Mariene soorten die leven op afval in de Stille Oceaan
April 19, 2023 - Unexpected marine animals are thriving on the massive amounts of plastic waste that has accumulated in the Pacific Ocean — a site know as the ”Great Pacific Garbage Patch”.
In a new study published in the Nature Ecology & Evolution journal on Monday, a team of researchers revealed that dozens of species of coastal invertebrate organisms have been able to survive and reproduce on plastic garbage that’s been floating in the ocean for years.
The scientists said that the findings suggest plastic pollution in the ocean might be enabling the creation of new floating ecosystems of species that are not normally able to survive in the open ocean.
Unlike organic material that decomposes and sinks within months or, at most, a few years, plastic debris can float in the oceans for a much longer time, giving creatures the opportunity to survive and reproduce in the open ocean for years.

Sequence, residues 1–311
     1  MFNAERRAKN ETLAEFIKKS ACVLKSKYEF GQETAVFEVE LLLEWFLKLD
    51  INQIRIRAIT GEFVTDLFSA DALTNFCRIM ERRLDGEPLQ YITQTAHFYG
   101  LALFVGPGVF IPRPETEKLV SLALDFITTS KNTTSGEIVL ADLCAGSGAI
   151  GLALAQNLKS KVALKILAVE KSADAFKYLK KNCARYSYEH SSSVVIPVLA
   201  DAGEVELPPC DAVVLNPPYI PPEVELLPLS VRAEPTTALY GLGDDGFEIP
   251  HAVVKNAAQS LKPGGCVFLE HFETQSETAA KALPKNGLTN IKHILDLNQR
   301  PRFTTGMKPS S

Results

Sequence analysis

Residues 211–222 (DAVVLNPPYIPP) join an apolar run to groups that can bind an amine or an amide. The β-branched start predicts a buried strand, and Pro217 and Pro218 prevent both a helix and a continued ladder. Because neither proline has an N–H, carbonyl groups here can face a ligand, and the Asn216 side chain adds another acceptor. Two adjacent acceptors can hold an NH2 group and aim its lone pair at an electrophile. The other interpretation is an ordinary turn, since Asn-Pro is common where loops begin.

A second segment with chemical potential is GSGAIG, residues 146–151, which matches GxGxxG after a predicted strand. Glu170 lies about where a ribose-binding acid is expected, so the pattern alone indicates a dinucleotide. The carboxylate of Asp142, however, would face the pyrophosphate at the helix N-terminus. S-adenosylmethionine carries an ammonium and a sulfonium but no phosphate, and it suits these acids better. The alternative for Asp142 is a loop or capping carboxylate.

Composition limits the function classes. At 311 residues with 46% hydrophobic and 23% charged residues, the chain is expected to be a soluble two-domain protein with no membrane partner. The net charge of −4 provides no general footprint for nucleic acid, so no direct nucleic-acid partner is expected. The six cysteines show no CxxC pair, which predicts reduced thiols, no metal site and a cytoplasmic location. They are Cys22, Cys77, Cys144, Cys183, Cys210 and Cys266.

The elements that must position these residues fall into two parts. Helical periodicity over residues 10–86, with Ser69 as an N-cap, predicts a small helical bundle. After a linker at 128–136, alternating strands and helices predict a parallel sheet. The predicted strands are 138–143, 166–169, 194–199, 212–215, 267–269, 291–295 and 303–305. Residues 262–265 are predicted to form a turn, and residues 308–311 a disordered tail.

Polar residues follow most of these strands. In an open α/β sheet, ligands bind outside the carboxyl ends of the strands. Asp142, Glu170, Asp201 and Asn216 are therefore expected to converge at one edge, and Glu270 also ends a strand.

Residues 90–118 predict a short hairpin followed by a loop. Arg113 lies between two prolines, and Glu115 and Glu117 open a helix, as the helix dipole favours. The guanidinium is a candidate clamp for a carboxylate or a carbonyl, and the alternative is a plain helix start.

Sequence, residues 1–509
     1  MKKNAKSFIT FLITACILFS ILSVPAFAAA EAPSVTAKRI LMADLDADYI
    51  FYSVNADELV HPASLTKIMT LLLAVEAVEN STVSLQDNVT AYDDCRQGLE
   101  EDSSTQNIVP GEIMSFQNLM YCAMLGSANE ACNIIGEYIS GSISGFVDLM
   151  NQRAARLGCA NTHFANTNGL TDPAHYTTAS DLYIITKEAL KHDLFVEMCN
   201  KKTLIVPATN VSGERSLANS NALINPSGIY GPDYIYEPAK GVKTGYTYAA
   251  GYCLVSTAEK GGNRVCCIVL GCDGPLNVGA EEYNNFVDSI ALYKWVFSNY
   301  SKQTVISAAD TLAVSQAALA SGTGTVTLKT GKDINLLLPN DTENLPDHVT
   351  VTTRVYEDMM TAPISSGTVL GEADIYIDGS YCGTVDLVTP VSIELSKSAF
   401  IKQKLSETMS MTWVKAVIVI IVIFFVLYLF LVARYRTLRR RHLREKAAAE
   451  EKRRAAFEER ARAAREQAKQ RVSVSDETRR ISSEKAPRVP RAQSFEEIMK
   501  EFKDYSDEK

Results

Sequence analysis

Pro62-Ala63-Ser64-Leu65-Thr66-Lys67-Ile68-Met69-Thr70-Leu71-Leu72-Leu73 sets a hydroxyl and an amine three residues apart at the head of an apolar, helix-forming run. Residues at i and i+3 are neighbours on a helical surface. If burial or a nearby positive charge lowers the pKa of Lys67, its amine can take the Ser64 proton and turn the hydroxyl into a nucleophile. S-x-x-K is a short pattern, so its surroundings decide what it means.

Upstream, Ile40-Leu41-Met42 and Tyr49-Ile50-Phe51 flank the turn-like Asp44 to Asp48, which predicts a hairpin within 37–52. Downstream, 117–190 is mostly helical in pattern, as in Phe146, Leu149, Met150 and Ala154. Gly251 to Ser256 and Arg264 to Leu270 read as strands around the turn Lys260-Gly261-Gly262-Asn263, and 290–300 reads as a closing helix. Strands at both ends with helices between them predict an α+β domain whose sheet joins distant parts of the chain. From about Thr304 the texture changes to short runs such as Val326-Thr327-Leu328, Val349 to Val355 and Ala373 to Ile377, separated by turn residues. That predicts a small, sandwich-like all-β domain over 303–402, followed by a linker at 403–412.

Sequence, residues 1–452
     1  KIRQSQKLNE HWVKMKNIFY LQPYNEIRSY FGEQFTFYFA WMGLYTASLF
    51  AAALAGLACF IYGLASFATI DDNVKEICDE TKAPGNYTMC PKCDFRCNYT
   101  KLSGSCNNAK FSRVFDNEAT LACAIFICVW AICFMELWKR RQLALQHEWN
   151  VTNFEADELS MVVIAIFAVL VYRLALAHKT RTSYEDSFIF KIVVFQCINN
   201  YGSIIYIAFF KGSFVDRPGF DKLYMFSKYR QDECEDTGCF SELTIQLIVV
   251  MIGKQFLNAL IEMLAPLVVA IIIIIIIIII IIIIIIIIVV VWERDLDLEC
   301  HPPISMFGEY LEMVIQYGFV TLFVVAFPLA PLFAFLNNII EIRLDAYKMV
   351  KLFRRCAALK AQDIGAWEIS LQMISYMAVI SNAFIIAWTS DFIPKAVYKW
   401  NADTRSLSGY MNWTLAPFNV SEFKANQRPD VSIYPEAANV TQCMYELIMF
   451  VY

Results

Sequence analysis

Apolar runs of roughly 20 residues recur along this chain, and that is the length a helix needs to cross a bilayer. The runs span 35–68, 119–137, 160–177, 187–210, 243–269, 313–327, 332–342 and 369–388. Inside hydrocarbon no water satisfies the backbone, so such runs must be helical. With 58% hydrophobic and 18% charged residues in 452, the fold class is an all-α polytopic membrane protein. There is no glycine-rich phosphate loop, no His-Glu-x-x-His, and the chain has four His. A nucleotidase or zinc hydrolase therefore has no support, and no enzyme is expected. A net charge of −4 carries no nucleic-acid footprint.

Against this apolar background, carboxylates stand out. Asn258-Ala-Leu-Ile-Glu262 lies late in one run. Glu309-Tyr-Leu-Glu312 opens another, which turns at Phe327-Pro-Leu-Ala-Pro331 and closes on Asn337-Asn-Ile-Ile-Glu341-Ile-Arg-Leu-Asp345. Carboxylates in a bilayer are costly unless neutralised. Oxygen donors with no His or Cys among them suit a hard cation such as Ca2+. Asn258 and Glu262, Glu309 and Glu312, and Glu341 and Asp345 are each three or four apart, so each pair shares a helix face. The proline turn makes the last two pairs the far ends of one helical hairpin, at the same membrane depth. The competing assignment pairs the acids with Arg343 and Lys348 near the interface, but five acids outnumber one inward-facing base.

“It was surprising to see how frequent the coastal species were. They were on 70% of the debris that we found,” Linsey Haram, a science fellow at the National Institute of Food and Agriculture and the study’s lead author, told CNN.
- Great Pacific Garbage Patch is now so huge and permanent that a coastal ecosystem is thriving on it (CNN)
- Life is finding a way on the Great Pacific Garbage Patch (Gizmodo)
- Great Pacific Garbage Patch (The Ocean Cleanup)
- This floating ocean garbage is home to a surprising amount of life from the coasts (NPR)
- Garbage patches (NOAA)